It’s not a reaction, your skin is just purging | #SaturdaySpecial on YNaija

by Conrad Johnson Omodiagbe

Skincare is tricky. While we all wish for a clear-cut “one size fits all” manual that leads to perfect-looking skin, unfortunately, just like Thomas Edison, skincare and the success attached to it is all a function of research, patience and consistency.

Several sayings succinctly describe what this post is about. Some iterations include the popular “Rome wasn’t built in a day” and “There’s a light at the end of the tunnel.” A tad bit problematic and drenched heavily in strong aspire to perspire vibes, these sayings convey the importance of patience – you have to essentially suffer before you get the end results you truly desire. And nothing drives this message home more than purging skin.

What Is Skin Purging?

How many times have you been excited about the introduction of a new product or a complete overhaul of your existing skincare routine, just to be met with more skincare problems than when you started? Most of us have experienced this, and like rational beings, we decided to dump said product with a quickness. But hold on, there’s more to it.

Skin purging refers to the trying period right after the introduction of a new product with ingredients that increase the skin cell turnover rate. Originally intended to facilitate the revelation of healthier skin cells, the purging process which these products also cause might lead to a temporary acne flare-up. Dr. Sejal Shah, a board-certified dermatologist in New York City explains it further to, saying, “Because purging is thought to be due to increased cell turnover, it’s really going to bring preexisting microcomedones to the surface and they will turn into whiteheads, blackheads, papules, pustules, and cysts. Usually, it happens in areas that you usually get breakouts.”

Am I purging or is this a bad reaction? 

Remember when we said skincare was tricky? Well, this is one of the tricky parts. The skincare issues you experience when you’re purging, for example, acne, look exactly like your regular breakouts. So how do you decipher your case and make the decision to move forward with a product or not?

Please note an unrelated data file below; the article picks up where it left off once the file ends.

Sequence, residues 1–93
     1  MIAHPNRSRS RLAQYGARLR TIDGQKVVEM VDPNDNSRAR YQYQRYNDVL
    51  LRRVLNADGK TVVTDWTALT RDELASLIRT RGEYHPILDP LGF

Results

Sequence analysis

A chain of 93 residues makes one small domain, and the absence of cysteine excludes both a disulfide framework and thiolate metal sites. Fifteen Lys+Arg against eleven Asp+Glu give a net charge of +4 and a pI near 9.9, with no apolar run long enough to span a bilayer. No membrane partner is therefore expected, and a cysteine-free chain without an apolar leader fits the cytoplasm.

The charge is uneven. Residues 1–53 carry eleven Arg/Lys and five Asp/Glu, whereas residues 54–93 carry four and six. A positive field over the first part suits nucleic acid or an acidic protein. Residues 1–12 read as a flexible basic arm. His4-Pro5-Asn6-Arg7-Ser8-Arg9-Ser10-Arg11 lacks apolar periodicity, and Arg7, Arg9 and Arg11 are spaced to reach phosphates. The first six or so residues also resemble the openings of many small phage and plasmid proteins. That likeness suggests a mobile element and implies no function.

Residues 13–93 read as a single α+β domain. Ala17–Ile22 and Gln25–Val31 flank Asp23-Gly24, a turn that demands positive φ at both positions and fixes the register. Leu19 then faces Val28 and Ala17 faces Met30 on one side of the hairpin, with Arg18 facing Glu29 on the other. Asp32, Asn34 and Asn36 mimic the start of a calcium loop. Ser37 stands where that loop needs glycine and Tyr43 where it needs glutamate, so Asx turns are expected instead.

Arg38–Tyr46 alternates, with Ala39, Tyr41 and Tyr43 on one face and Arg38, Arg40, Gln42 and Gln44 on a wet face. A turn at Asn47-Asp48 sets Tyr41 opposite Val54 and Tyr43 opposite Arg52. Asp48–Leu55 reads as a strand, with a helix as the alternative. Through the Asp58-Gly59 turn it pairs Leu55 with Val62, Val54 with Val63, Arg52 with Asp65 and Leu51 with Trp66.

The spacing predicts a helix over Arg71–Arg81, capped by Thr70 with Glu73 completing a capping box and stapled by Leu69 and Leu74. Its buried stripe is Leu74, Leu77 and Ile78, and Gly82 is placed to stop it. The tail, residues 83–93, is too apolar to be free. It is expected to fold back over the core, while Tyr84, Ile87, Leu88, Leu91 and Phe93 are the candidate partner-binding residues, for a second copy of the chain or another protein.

In an interview with Vogue India, Dr. Batul Patel, a medical director and dermatologist with The Bombay Skin Clinic lists out two ways to help you out of this skin care conundrum. He explains that with purge related acne, breakouts will be located in the regular areas you’ve been known to have issues. So if you usually suffer breakouts on your forehead, when you purge, your forehead will still be the meeting point. However, when you start a new product and breakouts start to make cameos in areas that you’ve never suffered before, then, yes, you’re having a bad reaction. Another clue, timing. While purge related breakouts subside quickly, reactions might go on for a longer period.

How common is it?

Just because I’m purging at the moment, doesn’t mean you will too. That’s the weird bit. Purging differs from person to person and some people might never go through the process. For them, its smooth sail from problematic skin to a Yara Shahidi glow. No stops in-between.

What are the ingredients that could make me purge? 

The importance of knowing the make-up of the products you apply on your number one selling point cannot be overemphasized. That being said, some of the notable products that could accelerate cell turnover and result in a purge are: Hydroxy Acids (Glycolic, Lactic, Malic, Mandelic, Salicylic, Lactobionic Acids, Gluconolactone, and Fruit Acids), Retinoids (Retinol, Tretinoin, Adapalene, Tazarotene, Isotretinoin, Retinyl Palmitate), Benzoyl Peroxide, Chemical peels, Lasers, Microdermabrasion and other exfoliants. 

How long before this cup passes over me?

This is where patience comes in because a purge can last for as long as 4 months. Yes, you’ll just have to deal with it for that long. But then again, for adults, the cell renewal process takes a month. However, with age, this process slows down. Hence, skin purging should normally last anywhere between 4-6 weeks.

This piece was brought to you by Bare The Community, in partnership with YNaija.

For more information on navigating your personal skincare, please get professional guidance and recommendations.


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